The most notable thing about the Vita version is that this is the first game I’ve played that feels like a true console experience on the go. Other titles have felt the need to shoehorn in needless touch mechanics, or, in the case of popular IPs getting Vita iterations, feel somewhat lesser than their console counterparts. But Persona 4: Golden is, I would say, superior to the console version, even disregarding that it’s a PlayStation 2 game.
Everything looks extremely appealing, first of all. The colours pop, and there are some moments of excellent colour contrast when in you’re in the TV world, when things go from vivid and bright to dull and washed-out. The art-style feels more at home on the Vita than it did on the PlayStation 2, perhaps because the handheld can do the style more justice than the console could. New animated cutscenes have been added in certain places, and the production quality on these is excellent: there is no difference between watching these in-game, or booting up Netflix on the Vita and watching an anime series.
A couple of Social Links have been added, one for Marie, who is a new character in Golden, and one for the police officer Adachi. Both of these have an impact on the game’s ending, just as the original Social Links do.
There are also changes to areas you can explore. I believe I mentioned this casually earlier, but you can now venture out into Inaba during the evening (similar to evening exploration in Persona 3), whereas before, evening activities consisted solely of jobs. On top of this, Okina City is now an accessible area. You also get a scooter to ride around on, though it’s not a player-controlled function, unfortunately.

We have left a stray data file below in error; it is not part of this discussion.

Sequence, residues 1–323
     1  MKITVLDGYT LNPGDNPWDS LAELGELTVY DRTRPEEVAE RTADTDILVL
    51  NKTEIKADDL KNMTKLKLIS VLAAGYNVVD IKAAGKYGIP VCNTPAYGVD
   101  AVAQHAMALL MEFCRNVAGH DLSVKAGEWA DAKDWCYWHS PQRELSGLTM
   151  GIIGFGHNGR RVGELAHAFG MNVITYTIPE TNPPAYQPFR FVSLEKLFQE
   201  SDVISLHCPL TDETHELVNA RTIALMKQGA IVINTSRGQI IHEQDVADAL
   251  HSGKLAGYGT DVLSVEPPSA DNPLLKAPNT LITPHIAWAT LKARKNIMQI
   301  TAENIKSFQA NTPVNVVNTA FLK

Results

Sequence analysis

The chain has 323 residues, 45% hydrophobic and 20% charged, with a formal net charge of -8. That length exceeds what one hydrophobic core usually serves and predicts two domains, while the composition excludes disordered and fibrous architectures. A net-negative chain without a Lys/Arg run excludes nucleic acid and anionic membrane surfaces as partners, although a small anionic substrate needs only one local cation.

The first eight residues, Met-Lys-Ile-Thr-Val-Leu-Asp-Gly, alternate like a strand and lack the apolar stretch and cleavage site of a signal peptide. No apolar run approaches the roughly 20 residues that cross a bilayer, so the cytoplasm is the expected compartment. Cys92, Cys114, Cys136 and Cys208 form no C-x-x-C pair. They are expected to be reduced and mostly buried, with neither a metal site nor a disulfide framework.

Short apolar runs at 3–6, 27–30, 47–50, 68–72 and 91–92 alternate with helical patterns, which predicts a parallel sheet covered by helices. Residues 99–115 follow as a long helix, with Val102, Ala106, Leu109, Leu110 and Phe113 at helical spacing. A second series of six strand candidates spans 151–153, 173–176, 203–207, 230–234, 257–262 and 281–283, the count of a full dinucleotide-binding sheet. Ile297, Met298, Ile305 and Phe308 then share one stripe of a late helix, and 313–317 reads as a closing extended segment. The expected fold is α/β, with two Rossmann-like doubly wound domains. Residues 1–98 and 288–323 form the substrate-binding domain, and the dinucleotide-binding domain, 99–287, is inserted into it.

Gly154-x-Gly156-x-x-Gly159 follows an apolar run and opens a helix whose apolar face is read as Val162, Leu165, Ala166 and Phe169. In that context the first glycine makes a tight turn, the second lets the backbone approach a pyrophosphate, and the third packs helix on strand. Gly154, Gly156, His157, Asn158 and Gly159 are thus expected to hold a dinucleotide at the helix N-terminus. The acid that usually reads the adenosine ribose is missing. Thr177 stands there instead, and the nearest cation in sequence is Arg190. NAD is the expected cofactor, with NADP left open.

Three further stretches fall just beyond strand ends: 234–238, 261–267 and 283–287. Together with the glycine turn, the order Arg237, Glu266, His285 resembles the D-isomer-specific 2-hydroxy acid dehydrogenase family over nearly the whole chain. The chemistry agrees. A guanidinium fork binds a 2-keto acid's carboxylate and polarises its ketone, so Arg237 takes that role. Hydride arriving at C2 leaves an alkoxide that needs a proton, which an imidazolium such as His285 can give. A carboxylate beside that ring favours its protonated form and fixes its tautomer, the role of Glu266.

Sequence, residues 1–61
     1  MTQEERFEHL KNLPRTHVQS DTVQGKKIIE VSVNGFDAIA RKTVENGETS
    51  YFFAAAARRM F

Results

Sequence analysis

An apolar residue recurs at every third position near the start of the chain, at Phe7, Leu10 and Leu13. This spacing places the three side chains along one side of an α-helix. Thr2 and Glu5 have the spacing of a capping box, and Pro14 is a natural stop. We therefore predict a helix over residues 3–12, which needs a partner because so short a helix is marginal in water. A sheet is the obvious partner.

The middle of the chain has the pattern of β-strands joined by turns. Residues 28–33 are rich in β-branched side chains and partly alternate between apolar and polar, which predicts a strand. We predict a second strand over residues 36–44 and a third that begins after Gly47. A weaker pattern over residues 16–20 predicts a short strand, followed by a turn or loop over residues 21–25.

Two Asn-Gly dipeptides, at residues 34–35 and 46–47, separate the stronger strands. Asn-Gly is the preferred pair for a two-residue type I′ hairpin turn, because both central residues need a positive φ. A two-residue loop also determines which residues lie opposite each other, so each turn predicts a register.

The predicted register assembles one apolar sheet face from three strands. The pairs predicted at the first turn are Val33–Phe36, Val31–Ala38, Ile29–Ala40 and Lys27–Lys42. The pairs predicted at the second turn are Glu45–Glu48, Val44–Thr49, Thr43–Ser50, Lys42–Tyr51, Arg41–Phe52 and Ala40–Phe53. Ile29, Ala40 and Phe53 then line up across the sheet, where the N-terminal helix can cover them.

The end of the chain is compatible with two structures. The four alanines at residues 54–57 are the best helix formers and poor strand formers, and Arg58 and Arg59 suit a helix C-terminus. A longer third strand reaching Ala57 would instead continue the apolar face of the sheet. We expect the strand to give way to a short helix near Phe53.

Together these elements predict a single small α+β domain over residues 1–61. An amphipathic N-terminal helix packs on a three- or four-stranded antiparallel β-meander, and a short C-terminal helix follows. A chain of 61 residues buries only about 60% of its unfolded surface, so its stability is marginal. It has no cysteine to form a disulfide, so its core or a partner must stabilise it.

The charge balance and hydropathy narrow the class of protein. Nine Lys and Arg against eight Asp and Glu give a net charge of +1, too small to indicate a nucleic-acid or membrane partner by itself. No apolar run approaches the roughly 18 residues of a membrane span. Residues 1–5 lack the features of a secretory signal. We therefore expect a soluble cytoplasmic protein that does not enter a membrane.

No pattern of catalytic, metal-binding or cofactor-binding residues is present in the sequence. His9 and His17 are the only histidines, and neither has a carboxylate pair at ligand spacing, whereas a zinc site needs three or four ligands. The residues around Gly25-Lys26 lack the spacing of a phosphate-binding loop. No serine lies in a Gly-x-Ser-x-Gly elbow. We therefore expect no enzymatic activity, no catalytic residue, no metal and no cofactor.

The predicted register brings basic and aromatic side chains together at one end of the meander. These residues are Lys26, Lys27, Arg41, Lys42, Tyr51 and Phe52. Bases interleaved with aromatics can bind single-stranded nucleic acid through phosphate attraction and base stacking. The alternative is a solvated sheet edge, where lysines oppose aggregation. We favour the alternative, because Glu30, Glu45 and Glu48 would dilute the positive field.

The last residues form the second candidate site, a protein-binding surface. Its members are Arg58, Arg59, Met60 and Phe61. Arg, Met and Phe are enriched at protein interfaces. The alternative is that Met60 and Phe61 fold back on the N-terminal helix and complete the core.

Tag Team attacks have also been added to the game, and occur occasionally after all-out attacks. These only occur in predetermined sets, though, based on the relationships of the characters outside of Yu’s influence. Yukiko and Chie, for example, as best friends, have a tag team attack. Telling you what other pairs have tag attacks could actually be considered spoiler territory, so I won’t detail it. Suffice it to say, figuring out who does a tag attack with who will probably have a significant impact on your choice of party.
There actually quite a few minor features that have been added, too. You now have the option of starting a garden in the Dojima’s yard, and the crops you grow are items you can use in the TV world. Tending to the garden can also further your relationship with either Nanako or Ryoko, making it a good pastime if you need to increase your Social Link with either character. There’s also a bug catching system, that lets you use caught bugs as fishing bait, but I can’t for the life of me find the net, so I can’t comment on it any further than that. I assume it’s probably an easy find, but I had to roll through the game pretty quickly to ensure a timely review, so I’m not surprised I missed it.
The TV system of the game has been greatly expanded as well, letting you watch clips from live performances of Persona music, and replay animated cutscenes, among other things. These can be accessed from the main menu, as well, so they won’t have any direct bearing on your playtime, but you need to play through the game to unlock them.